Friday, October 28, 2016

"how did you do it?"

In yesterday's blog post I mentioned losing 60 lbs. this year, and having to buy a new wardrobe as a result. Every time I post something about it, I get several folks asking "how did you do it?"

My BMI - from obese to normal in less than 8 months

I don't mind sharing, but really, when it comes to advice about weight loss and your health, ask your physician!! I did what the doctors told me to do with nutrition after I had a heart attack in February.

Clearly, I was not happy to miss QuiltCon in Pasadena!
At the time, I weighed 255 lbs., and since I received a stent to open up a blockage of the left anterior descending artery, LAD - that's right, the "widow maker", I had to eat a certain way to keep the stent from becoming blocked. There was a little fear factor involved, especially when I heard widow maker. Doctors said cut fat, salt and sugar. Translation: eliminate processed foods!

breakfast didn't involve a cast iron skillet and bacon anymore
So, I got busy in the kitchen. Everything I put in my mouth was prepared at home with fresh ingredients. I started with an idea about how many calories I should consume by calculating my Body Mass Index (BMI) and figuring out how many calories I needed to consume daily to maintain and/or lose weight. After a couple weeks of keeping tabs on calories, I just knew, and didn't need to calculate anymore.

Please note: I am not posting any links here because I wouldn't want to spoil a good google search for you! And ask your physician!!

don't these carnitas tacos look delicious? (they were!) - sorry Taco Bell!!
One great tip came from "Cooking Thin" - a show that aired on the Food Network 15 years ago, hosted by Chef Kathleen Daelemans. There is also a cookbook with a great introduction. The tip: think of your supermarket like a road map, and stay on the perimeter, where all the fresh foods can be found. Avoid the inner aisles. That's where all the processed foods are.

the mussels were insanely delicious!
And wouldn't you know, eight months later I've dropped 60 lbs., and gone from "obese" to "normal" weight, according to the CDC's BMI calculator. By the way, I have not started an exercise regimen yet. I was too concerned about injuring myself by exercising overweight. Been there, done that, and I have the shoulders to prove it. Knees and hips are fine because I didn't try jogging at 255 lbs. Also, to be perfectly honest, normal activity was like having an exercise regimen after a long period of living with very low energy and sleeping a lot of the time.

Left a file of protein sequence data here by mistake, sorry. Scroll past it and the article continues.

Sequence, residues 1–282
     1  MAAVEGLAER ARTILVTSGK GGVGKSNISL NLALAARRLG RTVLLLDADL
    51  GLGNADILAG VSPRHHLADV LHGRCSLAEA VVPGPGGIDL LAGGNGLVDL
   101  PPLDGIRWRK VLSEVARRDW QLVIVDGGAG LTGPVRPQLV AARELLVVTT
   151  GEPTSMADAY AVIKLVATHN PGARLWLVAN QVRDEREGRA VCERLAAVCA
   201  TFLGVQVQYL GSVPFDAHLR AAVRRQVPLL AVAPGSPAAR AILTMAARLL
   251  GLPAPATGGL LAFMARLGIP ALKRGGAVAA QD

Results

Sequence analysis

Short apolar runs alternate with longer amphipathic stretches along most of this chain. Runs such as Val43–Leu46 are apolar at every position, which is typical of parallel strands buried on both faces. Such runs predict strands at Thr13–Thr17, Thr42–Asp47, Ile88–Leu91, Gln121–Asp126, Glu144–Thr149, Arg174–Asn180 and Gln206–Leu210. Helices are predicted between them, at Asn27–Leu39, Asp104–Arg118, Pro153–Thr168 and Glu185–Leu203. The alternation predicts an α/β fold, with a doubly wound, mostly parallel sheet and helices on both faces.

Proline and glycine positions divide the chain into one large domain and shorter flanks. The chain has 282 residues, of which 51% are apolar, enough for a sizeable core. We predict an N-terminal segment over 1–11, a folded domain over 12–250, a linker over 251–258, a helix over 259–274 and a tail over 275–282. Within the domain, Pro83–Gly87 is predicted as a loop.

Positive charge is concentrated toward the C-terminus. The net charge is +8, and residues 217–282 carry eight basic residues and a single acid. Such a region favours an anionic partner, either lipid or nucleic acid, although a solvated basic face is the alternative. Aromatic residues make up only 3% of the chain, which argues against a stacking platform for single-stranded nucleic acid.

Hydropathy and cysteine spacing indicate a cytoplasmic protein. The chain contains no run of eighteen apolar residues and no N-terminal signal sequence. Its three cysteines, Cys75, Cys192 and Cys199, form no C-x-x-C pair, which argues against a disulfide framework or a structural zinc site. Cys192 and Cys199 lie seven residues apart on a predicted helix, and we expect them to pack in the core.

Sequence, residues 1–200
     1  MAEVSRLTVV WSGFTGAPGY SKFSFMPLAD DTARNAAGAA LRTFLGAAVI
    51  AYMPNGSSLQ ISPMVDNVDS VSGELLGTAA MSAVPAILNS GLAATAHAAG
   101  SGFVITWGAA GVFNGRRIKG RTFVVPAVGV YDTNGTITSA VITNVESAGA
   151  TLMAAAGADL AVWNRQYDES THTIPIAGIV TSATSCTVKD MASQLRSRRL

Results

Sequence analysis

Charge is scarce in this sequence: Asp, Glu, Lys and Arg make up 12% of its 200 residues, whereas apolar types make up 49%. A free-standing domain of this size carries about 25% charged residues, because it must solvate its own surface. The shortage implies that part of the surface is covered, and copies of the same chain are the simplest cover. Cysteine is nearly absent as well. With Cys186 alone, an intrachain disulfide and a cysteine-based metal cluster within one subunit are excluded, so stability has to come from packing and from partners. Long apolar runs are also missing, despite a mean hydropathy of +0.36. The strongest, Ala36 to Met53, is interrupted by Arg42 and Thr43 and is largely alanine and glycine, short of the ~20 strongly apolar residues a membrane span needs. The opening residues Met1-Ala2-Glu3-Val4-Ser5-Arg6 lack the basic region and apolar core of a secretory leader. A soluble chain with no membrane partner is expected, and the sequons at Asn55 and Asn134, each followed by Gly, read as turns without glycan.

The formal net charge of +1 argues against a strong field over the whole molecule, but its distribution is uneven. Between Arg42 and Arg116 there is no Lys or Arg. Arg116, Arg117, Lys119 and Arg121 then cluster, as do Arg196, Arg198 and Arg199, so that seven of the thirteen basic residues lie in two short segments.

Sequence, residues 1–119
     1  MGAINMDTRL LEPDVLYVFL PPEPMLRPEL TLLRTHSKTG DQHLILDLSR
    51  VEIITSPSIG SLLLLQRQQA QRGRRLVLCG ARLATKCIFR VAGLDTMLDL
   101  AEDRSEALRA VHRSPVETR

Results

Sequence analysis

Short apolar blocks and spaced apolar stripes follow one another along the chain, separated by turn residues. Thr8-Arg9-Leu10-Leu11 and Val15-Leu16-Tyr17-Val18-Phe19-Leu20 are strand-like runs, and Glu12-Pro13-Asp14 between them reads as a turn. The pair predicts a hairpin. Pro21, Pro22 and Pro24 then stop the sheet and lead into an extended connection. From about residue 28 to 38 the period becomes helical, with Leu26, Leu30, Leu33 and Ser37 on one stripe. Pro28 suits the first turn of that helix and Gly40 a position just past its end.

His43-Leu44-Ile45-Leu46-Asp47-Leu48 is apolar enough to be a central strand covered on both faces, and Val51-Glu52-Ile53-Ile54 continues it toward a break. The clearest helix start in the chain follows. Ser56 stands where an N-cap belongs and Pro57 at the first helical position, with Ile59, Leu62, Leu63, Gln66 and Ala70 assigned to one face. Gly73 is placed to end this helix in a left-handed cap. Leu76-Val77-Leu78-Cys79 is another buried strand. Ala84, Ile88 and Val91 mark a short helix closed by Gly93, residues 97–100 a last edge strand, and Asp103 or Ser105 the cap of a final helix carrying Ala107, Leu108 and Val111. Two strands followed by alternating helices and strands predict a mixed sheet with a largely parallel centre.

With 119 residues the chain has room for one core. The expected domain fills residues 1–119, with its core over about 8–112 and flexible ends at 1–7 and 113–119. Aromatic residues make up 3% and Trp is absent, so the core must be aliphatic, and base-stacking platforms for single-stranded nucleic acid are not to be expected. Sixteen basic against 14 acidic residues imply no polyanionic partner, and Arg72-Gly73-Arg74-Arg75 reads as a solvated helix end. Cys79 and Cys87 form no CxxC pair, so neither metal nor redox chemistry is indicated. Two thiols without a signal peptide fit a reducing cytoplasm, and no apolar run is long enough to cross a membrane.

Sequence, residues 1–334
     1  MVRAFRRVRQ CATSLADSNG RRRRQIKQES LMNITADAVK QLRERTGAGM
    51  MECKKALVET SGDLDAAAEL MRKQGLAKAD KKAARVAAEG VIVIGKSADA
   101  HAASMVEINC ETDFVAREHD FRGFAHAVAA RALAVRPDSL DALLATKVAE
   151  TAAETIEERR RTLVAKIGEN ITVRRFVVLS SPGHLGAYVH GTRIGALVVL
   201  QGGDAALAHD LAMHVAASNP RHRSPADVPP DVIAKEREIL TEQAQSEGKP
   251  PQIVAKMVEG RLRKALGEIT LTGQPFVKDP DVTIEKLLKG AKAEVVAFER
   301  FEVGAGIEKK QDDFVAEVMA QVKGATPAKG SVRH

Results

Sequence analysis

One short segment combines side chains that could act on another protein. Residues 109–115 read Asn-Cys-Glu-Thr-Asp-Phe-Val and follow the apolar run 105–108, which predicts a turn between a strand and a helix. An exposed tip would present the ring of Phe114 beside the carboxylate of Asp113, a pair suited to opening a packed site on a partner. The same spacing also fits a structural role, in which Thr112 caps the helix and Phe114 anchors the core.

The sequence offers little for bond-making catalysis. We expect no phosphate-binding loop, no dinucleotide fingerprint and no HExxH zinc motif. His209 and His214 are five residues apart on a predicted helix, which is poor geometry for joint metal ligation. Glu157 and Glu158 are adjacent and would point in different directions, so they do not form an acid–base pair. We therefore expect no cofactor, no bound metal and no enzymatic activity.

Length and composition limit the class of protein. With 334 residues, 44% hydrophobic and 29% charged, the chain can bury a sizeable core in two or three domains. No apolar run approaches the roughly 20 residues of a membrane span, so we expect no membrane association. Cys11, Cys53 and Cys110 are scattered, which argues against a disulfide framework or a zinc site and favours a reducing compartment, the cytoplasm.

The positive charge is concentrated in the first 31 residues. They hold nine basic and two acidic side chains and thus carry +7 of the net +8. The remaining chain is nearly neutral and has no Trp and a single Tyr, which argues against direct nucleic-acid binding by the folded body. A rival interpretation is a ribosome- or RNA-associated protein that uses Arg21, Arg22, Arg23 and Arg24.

An epiphany: I can wear Armani!
So, that's how I did it and that's why I'm buying clothes instead of quilts this year. The fun thing is I fit into all kinds of clothing I could never wear Armani! My only real advice is: love food, love yourself, cook like a rock star and keep the portions in check. A big thank you to everyone who had kind, supportive things to say about this little life journey of mine. Time for dinner!

Thursday, October 27, 2016

new-to-me vintage, and another look at a favorite

Stacked Bars, cotton corduroy, unknown maker, Alabama, c. 1960, 67” x 74”    
A couple new-to-me vintage quilts arrived during the last few weeks. One is a gorgeous scrap quilt made of corduroy, and the other is a dazzling polyester quilt.
Diagonal One Patch, polyester, unknown maker, Kentucky, c. 1970, 84” x 90”    
Not much buying going on here lately. I've had to invest in a new wardrobe after dropping 60 lbs. It's OK, though. I've got as many quilts as I can handle right now.
String Quilt, polyester, unknown maker, Chicago, c. 1970, 62" x 74"
I was looking at this polyester quilt from Chicago, another recent acquisition, and admiring the back, so I thought I'd photograph it. What a great floral print. It's a lightweight canvas possibly used as curtains, tablecloth or upholstery fabric.
String Quilt, reverse view
How cheerful! It's almost a reversible quilt. The back was pieced with four large panels, but there was no attempt to match up the design along the seams...and I love that!